Pakistan Telecom Authority prepares to auction 3 G licenses for cellular operators, a close look at the Information Memorandum released by the regulatory authority reveals that in its current form, the proposed process may lead to some non competitive practices leading to creation of monopolies in the cellular market.
To begin with the process so far decided by the PTA suggests that two different companies with different directors can bid for 3 slots of 2.1 GHz made available by PTA. The IM does not make any reference to share holding structures of such two companies, clearly opening a back channel for the companies having same shareholders but different individuals sitting on the board of directors.
In Pakistan’s context potentially Telenor can take two slots and Mobilink can get one slot. This would effectively mean that Vimpelcom (A Russian operator which has controlling shares of Orascom and is partly owned by Telenor) will have a monopoly on 3G in Pakistan. Thus this back channel left open will allow a global player to have control over the telecom market in Pakistan and would be pushing other players out of the market.
Already instead of five (the number of existing players) only three licenses are being offered. This would effectively mean that the two operators who would fail to bid enough for the 3G spectrum would start losing their revenue generating clients to those who would be offering services based on a superior technology. Leaving the two with low end customers, driving their Average Revenue Per User (APRU) lower, resulting in losses.
The average customer of these cellular companies would also be suffering by either having to switch operators or to contend with lower technology services.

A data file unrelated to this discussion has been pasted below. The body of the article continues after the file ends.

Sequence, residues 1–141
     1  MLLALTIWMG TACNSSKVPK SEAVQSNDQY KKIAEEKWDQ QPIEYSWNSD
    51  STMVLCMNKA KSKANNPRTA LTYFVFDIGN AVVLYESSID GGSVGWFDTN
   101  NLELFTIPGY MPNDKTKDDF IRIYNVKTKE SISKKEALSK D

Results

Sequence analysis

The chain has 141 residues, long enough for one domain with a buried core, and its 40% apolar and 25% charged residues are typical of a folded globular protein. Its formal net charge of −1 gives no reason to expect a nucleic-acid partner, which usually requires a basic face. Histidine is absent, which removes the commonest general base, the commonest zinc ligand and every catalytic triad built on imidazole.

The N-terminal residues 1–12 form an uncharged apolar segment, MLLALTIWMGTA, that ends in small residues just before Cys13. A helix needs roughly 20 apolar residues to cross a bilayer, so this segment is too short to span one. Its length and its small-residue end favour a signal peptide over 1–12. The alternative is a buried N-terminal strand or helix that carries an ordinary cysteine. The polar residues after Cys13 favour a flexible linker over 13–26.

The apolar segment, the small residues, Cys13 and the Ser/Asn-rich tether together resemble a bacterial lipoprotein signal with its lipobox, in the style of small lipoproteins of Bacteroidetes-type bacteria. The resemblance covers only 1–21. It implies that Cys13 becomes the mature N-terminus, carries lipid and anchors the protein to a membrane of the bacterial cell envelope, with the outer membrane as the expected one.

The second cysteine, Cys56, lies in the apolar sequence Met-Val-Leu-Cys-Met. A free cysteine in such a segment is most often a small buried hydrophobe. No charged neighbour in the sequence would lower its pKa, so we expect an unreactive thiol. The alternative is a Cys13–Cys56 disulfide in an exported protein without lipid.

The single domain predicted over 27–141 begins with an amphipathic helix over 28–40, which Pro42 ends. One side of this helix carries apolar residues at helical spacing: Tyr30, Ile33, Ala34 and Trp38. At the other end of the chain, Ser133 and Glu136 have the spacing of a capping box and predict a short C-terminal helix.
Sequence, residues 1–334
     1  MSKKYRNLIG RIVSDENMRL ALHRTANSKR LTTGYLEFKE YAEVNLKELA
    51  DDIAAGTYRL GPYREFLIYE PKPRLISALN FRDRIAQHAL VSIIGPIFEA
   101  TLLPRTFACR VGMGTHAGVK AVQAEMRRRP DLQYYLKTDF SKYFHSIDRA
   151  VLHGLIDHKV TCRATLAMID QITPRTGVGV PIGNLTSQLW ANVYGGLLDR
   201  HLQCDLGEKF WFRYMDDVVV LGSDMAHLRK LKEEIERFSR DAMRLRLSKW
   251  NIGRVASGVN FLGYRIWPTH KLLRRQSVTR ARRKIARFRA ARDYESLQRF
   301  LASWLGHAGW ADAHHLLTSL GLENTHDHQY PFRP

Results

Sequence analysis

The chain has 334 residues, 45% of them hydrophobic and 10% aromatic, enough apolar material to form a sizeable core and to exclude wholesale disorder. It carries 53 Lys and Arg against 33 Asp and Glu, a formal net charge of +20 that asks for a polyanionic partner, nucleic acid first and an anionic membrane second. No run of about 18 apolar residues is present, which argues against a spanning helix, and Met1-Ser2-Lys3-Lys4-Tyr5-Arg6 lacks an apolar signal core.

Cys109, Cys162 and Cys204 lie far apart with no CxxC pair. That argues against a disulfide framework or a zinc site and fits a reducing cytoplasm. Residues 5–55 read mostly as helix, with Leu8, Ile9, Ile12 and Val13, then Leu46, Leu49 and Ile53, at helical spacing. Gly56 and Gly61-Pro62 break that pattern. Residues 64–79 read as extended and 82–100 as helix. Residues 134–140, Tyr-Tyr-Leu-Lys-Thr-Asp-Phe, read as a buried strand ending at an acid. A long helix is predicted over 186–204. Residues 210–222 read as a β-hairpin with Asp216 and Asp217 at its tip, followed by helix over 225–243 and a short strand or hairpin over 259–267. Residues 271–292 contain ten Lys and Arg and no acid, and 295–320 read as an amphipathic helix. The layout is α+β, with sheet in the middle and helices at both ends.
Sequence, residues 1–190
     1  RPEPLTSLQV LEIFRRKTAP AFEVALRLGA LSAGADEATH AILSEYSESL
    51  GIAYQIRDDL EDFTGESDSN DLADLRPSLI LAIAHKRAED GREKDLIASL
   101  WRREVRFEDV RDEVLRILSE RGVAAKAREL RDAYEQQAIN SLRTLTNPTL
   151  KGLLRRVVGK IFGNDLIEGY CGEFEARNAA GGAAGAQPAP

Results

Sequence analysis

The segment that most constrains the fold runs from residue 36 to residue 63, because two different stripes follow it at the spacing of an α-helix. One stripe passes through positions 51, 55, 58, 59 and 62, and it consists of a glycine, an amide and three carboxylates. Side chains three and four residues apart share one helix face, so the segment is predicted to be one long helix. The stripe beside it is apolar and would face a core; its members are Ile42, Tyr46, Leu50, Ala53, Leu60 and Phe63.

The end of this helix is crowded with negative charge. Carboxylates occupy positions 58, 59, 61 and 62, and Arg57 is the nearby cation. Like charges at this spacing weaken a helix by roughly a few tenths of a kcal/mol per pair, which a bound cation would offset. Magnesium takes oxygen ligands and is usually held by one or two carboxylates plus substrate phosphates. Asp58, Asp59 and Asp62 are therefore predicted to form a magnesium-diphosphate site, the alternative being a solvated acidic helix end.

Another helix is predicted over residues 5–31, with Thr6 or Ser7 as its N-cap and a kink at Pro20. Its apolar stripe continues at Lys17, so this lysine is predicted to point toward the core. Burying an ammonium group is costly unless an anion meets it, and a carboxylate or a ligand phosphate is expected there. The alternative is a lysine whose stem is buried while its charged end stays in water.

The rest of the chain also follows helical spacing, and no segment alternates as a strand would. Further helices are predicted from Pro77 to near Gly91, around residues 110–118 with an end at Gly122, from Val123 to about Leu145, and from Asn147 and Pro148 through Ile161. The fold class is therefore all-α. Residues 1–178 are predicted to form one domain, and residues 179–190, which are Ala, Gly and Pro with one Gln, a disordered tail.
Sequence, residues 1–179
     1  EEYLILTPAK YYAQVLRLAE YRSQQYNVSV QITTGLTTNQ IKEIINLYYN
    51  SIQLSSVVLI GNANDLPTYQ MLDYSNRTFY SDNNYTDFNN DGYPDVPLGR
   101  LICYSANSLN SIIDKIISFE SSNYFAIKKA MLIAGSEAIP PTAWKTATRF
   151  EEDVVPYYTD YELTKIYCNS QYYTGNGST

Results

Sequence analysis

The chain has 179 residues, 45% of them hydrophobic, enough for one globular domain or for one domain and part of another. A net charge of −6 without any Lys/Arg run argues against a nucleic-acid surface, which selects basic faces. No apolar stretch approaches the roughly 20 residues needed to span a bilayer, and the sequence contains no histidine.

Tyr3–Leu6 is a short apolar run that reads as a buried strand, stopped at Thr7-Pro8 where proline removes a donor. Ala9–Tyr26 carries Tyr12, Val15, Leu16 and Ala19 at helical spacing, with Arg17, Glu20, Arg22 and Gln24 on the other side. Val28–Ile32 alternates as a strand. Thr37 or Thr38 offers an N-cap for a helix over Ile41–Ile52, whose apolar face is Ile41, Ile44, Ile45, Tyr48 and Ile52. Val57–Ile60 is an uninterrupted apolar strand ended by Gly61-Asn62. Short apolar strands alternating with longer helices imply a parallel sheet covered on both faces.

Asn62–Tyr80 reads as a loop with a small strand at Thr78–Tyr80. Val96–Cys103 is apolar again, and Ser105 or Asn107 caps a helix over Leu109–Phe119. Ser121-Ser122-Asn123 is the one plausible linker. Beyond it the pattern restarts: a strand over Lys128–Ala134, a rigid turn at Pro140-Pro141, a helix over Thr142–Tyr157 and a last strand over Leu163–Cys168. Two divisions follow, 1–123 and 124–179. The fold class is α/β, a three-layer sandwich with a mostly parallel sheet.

Telecom analysts believe that at least five licenses should have been offered, even if that meant raising the reserve price of the license from its current levels. With bidding for three licenses, government may be able to claim some success in earning revenues but in the longer run it will be damaging the investment in the sector.
Increasingly it is also being felt that while the licenses on offer may be technology neutral but it is also proving to be technology blind! PTA seems to have disregarded the fact that these licenses have to evolve over time for Long Term Evolution or (4G). LTE performs best with 20 MHz frequency slot but right now the frequency is being offered at 10 MHz, leaving it insufficient for the time when LTE will be needed to be deployed.
Telecom analysts believe that it would have been much better to make available 10 MHz today for all the five operators and keep a capacity of increasing them to 20 MHz for LTE time. To cater for the future needs and also to earn revenues it could ask for a price which it expects from the bidding. The current process thus is failing to address the future needs.
“It seems bureaucratic and technical aspects have been created to make the political government believe that it will earn huge revenues for the government with 3G license auction, but it would be a process that would be unfair for some operators and also may fetch less revenues then would have been possible with five licenses and a clear road map for LTE.”